Takayama says that along with providing enough space to accommodate future passenger growth, a major benefit of the Big Build is the speed at which it is being built. Using a streamlined design-build process, construction of the project – which began in July 2008 – should take no more than 3.5 years.
“We used the design-build system as way to start construction before the design was actually completed,” Takayama says. “For us, this meant we could start construction 18 months in advance of actually finishing the design.
“Those 18 months that we’re saving allow us to avoid price escalation from being added on to the project cost. Right now, everything is on time and on budget.”
The Terminal B and concourse portion of the project is expected to be completed in late 2011. Crews will demolish the facility’s interim international arrivals building in January 2012, and the old Terminal B will be torn down in May 2012.
Brent Kelley, an aviation principal with Corgan Associates, says the project was designed to accent the Central Valley’s geographical features.
“One of the things we were looking at was to establish a sense of place for the Sacramento region,” he says. “The Central Valley has a kind of uniqueness with its mountain ranges. The vertical wall of the terminal is canted out toward the mountains – leaning out toward the ranges themselves.
“One of the first ideas we struck upon was the idea of bringing the ‘outside’ into the building. The building itself is a three-sided glass box, which is somewhat unique for an air terminal, since terminals tend to have only side with glass.”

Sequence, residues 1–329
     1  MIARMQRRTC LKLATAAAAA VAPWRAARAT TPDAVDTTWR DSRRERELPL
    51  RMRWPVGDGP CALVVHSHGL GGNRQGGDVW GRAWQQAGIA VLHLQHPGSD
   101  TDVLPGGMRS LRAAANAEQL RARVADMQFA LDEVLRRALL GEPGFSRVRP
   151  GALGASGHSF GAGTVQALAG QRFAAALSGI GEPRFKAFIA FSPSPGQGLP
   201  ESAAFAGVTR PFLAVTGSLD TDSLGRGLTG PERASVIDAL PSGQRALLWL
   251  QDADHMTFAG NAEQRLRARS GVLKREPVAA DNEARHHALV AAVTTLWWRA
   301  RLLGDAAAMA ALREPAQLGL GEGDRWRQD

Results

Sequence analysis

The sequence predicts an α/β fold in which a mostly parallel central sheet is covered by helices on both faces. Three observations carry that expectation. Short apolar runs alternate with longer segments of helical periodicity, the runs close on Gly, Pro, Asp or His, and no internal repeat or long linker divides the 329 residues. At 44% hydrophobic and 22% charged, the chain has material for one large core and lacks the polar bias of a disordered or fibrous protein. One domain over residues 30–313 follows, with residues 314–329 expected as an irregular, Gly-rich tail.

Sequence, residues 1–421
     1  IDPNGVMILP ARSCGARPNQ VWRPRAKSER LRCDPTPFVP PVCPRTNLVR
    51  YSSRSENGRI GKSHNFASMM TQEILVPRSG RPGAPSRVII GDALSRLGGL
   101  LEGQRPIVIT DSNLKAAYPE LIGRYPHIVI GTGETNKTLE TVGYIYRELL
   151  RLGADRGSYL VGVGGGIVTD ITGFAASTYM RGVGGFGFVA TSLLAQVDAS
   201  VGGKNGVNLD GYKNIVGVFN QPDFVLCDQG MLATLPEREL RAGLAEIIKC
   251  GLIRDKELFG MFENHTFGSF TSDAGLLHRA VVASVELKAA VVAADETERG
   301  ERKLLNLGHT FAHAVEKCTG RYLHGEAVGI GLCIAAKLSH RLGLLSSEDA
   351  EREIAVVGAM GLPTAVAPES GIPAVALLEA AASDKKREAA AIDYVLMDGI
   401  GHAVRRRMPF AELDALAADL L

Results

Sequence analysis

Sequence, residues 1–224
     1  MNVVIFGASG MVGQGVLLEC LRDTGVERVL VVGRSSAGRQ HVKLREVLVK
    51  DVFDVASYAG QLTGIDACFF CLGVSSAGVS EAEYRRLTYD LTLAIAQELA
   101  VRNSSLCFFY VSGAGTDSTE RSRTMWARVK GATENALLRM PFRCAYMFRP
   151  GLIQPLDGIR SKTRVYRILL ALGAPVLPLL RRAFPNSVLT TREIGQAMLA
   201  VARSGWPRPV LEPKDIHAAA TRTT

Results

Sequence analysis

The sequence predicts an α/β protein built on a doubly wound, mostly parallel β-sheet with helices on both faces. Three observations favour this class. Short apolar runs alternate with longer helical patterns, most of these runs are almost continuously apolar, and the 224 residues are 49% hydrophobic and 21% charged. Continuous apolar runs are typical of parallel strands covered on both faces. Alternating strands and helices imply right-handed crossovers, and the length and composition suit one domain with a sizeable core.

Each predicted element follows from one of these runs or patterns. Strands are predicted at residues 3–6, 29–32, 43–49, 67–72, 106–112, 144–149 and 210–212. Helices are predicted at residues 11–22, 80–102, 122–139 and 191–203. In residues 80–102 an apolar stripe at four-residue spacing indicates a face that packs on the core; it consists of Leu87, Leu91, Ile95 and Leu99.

Kelley says designers also considered Sacramento’s nickname as the City of Trees.
“We brought that influence into the building with a structural column grid,” he adds. “The structure creates a shadow effect we likened to filtered light through a tree canopy. As you proceed through the building you flow to the middle, which is the defined circulation spine of the building. That spine is covered with a glass roof that allows natural sunlight to flood down into the building.”
Some green elements are being incorporated into the project, which is anticipated to achieve LEED silver certification. These include use of recycled materials in the building structure, floor and ceiling finishes; extensive use of daylighting; natural ventilation provided when possible; low-E glass to minimize heat gain through glazing; and low-flush fixtures and automatic water used throughout the facility.